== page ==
Wednesday, February 21, 2007

The Scarlet S

Why doesn't the U.S. just start branding sex offenders?

Branding wouldn't be any more medieval than the current roster of punishments. If a seventeen-year-old boy and a sixteen-year-old girl swap naked digital photos, they're both guilty of "exploiting" themselves, or each other. In Ohio, you can now be placed on a sex offender registry without ever having been convicted of a sex crime. Rapists are no more likely to be recidivists than any other criminal, but they're required to identify themselves for the rest of their lives as such. And now vigilante groups collaborate simultaneously with local police departments and national TV shows to convict accused sex offenders in the court of public opinion before they're ever brought to trial.

To sum up: if you're accused of a sex crime, you are no longer considered innocent until proven guilty. You are not entitled to be punished under a reasonable standard of law. And you are not considered rehabilitated once released back into the real world. Modern standards of jurisprudence do not apply to you, you filthy perv.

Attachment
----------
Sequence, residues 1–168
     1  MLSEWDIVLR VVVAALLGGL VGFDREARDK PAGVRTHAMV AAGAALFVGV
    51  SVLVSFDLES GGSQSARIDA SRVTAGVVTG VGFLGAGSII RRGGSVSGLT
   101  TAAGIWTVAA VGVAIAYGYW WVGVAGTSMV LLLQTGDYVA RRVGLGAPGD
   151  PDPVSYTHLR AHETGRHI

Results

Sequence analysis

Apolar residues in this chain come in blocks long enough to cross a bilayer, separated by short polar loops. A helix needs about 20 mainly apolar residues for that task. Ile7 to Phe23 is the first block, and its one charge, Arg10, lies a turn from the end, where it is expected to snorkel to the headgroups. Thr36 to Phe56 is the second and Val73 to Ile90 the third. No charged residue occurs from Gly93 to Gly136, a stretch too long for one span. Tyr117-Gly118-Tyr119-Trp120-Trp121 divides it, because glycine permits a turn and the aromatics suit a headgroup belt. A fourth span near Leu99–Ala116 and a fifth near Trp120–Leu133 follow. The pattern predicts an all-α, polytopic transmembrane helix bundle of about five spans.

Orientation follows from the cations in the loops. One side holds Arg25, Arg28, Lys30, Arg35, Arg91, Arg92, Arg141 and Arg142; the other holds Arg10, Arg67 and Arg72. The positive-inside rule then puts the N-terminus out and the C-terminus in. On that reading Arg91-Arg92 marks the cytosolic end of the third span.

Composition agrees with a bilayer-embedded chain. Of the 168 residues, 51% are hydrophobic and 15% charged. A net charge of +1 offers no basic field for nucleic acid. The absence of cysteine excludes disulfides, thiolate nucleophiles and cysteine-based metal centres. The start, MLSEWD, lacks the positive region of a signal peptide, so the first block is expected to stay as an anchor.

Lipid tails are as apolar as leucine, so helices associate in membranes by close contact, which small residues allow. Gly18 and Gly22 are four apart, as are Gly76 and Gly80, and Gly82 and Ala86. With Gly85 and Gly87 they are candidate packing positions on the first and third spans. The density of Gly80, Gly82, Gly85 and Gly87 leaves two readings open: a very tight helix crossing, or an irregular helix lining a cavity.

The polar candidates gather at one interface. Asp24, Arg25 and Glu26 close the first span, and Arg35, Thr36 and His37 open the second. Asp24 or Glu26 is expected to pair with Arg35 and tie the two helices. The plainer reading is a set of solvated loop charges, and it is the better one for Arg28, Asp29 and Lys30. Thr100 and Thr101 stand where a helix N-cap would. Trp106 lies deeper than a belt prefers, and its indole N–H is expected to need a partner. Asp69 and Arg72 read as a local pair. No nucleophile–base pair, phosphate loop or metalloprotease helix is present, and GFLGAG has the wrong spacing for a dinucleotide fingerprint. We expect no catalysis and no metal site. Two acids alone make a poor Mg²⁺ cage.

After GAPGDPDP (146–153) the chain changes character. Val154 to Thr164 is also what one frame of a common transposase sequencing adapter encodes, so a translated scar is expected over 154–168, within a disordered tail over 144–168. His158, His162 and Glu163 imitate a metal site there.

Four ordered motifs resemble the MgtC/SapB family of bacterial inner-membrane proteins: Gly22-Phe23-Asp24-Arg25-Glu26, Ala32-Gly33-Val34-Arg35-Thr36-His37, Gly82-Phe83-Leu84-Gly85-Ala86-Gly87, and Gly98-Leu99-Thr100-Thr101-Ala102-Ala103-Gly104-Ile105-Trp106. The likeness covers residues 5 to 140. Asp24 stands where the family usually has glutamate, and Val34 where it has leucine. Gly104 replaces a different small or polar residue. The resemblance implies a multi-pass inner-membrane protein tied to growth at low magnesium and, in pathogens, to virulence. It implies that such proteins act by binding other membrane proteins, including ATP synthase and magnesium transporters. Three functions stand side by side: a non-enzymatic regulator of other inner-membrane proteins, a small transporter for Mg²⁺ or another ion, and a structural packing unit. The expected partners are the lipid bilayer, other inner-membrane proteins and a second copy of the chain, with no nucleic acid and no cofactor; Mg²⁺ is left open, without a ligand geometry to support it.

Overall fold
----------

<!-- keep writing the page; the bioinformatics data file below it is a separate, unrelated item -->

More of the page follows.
So why doesn't the U.S. brand them? The courts would be saved a great deal of trouble, as no trial or incarceration would be needed. Just hold the struggling victim down, ignoring his pleas of innocence, and apply a white-hot iron S to his forehead. And then give him an hour on the rack, just to be thorough.

What's that? Branding someone for a crime is inhumane, you say? Is it any less humane than any of the above?

Free speech means free speech for people you disagree with, or else the concept is meaningless. Similarly, due process means due process for people you loathe, or else it's not due process at all. It's injustice and cruelty.

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